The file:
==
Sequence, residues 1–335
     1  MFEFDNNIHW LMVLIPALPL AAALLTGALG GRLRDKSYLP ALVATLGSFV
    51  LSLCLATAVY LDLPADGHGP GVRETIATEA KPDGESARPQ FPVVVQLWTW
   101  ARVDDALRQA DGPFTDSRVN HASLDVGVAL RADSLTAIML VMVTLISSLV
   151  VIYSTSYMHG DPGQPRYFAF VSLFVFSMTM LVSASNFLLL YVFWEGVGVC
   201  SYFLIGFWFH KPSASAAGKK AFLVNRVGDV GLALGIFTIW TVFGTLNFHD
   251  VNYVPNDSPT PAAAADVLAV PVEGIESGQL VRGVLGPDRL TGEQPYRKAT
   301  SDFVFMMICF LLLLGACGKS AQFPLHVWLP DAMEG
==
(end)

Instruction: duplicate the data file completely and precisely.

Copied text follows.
Sequence, residues 1–335
     1  MFEFDNNIHW LMVLIPALPL AAALLTGALG GRLRDKSYLP ALVATLGSFV
    51  LSLCLATAVY LDLPADGHGP GVRETIATEA KPDGESARPQ FPVVVQLWTW
   101  ARVDDALRQA DGPFTDSRVN HASLDVGVAL RADSLTAIML VMVTLISSLV
   151  VIYSTSYMHG DPGQPRYFAF VSLFVFSMTM LVSASNFLLL YVFWEGVGVC
   201  SYFLIGFWFH KPSASAAGKK AFLVNRVGDV GLALGIFTIW TVFGTLNFHD
   251  VNYVPNDSPT PAAAADVLAV PVEGIESGQL VRGVLGPDRL TGEQPYRKAT
   301  SDFVFMMICF LLLLGACGKS AQFPLHVWLP DAMEG